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Work and Energy

Updated on December 2, 2016

It is true that doing work makes people feel tired; yet feeling tired after standing for a long time in a train, or holding up a heavy weight, does not indicate that work has been done in a scientific sense. The opposing teams in a tug-of-war may fall exhausted to the ground after a 'drawn' match, neither side having moved from their starting positions, but they have done no scientific 'work'. Only when one side begins to pull the other over the line is mechanical work done, and this work is measured as the force applied multiplied by the distance moved: therefore, work = force x distance.

In some ways work, and its near relation, energy, is to physics what wealth and money is to economics. Wealth can exist in many forms. In the pocket it is usually found as coins or bills, but it can be spent in shops to buy goods, saved in a bank account, or invested in property or stock.

When a man lifts a heavy weight high into the air, he 'spends' an amount of work in the form of energy. But this work is really invested, for the weight he has lifted now has more energy than it had before. It is in the bank waiting to be released again. In scientific language, the weight is said to have increased its 'potential energy'. When the weight is allowed to drop towards the ground, the energy is withdrawn from the bank and converted into a new form. The weight gains what is called 'kinetic energy' - that is, energy of motion.

Just before hitting the ground the weight possesses the same amount of energy in this new form as was used by the man to lift it. Then the weight hits the ground and, one could say, fritters away its wealth in a number of new kinds of energy - heat and sound energy. The sound can clearly be heard, but the heat is not quite so evident in this case. Continually dropping the weight would, however, soon heat up the surroundings just as a large nail becomes quite hot as it is hammered into a block of wood.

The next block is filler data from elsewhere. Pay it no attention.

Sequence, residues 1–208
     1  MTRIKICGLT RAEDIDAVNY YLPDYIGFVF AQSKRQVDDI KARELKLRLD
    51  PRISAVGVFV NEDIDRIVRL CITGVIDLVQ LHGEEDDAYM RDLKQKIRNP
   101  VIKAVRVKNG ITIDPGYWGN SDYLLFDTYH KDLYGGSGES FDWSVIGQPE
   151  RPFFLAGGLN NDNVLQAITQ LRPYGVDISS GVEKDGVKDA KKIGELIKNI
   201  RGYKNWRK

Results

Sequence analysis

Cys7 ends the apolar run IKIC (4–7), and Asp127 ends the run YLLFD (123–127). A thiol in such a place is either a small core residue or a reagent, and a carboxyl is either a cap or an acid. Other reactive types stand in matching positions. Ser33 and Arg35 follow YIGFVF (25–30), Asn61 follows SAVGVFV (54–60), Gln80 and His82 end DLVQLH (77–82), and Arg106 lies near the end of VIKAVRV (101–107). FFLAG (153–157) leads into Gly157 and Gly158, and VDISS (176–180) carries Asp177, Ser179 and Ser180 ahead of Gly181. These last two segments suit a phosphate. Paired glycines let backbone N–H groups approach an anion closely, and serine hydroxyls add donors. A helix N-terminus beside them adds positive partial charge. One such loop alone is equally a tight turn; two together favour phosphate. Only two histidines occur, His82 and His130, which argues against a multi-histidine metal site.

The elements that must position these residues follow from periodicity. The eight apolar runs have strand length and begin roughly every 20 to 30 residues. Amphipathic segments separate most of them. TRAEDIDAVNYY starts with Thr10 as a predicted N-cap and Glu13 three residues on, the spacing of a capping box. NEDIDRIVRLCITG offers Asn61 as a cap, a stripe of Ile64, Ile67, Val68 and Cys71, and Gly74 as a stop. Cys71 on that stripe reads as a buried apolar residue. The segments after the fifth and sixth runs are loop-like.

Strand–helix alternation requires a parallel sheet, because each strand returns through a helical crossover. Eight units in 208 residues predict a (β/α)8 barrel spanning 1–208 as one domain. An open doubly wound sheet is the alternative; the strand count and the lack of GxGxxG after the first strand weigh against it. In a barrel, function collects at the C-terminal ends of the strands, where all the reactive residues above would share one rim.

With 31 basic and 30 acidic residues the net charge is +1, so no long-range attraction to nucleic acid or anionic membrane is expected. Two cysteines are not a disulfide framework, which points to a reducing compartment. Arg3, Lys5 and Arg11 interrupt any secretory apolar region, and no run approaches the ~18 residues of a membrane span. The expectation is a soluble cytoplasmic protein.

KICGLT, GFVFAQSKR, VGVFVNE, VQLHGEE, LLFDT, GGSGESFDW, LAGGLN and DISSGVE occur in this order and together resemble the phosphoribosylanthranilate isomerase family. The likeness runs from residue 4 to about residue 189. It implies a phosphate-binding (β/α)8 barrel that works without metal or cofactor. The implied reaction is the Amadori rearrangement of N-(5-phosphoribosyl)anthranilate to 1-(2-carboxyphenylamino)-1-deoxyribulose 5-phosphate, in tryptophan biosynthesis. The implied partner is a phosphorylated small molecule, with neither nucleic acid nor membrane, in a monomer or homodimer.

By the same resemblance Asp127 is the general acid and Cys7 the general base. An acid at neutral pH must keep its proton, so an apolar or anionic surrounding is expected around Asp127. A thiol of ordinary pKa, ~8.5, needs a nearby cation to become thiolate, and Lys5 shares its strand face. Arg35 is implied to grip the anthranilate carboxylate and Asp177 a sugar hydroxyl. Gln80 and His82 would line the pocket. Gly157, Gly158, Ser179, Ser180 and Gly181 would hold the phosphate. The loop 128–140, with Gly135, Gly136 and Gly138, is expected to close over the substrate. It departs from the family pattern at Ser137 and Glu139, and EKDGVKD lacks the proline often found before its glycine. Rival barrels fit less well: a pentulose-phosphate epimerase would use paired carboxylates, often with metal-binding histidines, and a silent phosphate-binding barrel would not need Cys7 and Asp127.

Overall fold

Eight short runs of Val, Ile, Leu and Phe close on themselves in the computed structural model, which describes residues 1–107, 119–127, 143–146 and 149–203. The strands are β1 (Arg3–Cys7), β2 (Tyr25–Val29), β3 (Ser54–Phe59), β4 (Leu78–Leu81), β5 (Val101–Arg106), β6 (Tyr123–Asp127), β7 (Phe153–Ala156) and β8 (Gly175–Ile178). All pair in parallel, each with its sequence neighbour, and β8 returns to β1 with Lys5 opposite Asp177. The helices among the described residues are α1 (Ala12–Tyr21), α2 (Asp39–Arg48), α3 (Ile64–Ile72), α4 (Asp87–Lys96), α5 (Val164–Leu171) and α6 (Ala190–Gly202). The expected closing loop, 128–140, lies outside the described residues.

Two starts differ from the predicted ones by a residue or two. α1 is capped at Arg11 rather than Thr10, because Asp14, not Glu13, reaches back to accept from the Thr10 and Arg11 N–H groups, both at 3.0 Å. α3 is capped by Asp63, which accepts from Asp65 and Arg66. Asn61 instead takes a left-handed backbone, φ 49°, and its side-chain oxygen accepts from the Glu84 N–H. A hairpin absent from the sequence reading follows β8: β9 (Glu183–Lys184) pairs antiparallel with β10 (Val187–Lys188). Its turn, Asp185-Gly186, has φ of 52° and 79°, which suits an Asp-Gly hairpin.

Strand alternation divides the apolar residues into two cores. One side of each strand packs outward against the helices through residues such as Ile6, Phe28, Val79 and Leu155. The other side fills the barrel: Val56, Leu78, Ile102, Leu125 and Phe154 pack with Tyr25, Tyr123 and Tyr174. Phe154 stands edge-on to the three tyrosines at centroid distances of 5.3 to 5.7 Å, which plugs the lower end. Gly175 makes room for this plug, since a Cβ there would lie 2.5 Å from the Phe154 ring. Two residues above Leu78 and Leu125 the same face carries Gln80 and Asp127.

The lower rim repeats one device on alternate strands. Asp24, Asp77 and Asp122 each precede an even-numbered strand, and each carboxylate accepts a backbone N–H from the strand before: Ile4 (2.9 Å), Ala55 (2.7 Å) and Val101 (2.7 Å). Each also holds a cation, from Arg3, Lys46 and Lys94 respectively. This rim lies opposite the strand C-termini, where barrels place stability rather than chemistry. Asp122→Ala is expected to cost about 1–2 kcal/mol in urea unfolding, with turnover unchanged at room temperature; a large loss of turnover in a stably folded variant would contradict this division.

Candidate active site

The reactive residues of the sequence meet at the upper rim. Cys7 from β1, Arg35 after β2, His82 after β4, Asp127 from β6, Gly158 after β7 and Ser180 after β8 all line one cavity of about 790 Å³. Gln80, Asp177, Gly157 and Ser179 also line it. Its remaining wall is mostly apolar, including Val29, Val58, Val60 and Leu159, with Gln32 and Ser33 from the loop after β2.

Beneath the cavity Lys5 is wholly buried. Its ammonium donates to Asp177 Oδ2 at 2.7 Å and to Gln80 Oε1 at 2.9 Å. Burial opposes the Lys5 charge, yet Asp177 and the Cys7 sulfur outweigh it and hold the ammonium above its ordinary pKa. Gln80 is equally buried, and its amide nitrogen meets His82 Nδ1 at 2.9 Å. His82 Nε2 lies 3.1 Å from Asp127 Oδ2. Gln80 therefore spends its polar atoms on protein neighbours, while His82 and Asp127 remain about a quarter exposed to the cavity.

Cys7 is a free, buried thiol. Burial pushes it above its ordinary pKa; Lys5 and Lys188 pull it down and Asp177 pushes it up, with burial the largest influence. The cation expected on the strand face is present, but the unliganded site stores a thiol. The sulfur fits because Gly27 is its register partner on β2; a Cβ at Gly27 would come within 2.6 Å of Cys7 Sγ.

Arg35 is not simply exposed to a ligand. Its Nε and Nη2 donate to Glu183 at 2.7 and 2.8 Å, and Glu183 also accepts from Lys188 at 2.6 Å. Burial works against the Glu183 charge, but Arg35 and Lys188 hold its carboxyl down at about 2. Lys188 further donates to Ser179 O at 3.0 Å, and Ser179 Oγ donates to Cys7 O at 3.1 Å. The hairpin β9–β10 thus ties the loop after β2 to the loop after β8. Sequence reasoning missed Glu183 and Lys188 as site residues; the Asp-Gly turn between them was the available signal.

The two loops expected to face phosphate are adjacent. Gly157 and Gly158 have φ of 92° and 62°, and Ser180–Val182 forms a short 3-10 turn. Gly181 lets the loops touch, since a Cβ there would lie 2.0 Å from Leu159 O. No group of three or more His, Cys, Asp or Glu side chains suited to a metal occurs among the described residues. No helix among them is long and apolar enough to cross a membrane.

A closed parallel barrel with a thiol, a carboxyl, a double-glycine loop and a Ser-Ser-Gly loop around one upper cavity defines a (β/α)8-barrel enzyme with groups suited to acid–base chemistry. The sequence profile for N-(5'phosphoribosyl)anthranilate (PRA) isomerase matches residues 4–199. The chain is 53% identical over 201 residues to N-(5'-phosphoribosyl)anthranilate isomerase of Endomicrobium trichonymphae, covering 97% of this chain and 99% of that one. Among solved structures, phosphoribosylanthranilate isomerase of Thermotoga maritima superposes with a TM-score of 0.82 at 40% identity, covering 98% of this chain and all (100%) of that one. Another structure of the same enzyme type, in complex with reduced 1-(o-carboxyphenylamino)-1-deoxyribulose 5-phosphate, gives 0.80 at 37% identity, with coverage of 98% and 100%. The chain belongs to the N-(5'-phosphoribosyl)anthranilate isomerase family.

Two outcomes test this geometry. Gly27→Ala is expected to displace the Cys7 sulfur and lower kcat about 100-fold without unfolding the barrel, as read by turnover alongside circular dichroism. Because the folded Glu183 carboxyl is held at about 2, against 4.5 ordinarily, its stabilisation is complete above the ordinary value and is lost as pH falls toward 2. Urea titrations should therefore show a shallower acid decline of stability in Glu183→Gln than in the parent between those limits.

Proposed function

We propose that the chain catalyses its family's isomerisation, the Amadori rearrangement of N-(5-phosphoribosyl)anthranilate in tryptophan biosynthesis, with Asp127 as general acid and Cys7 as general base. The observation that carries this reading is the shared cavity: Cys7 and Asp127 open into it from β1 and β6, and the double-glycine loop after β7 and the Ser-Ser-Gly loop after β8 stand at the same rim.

All these transactions are based on the very important principle known as the law of conservation of energy. Energy can never be created or destroyed - it is simply transferred from one form to another.

Until the 20th century it was thought that man's only available source of energy was the sun. The sun's energy, transmitted as light and heat energy to the earth, was invested in prehistoric times inside the forests of the world and this energy only came to light again when it was dug up as fuel from the ground in the form of peat, coal or natural gas.

Man eventually learned to convert this energy into other forms and even temporarily to re-bank it as electrical energy inside storage cells and batteries for further use. He did not, until very recently, realize that there was another completely new source of energy available to him- atomic energy.

Today atomic energy plants are being built all over the world which are gradually replacing the conventional power stations run on coal or oil. These stations operate by converting matter directly into energy. Matter we now know is itself just another form of energy and this energy is not only the 'wealth' of the universe, it is also the 'stuff' from which the universe is made.


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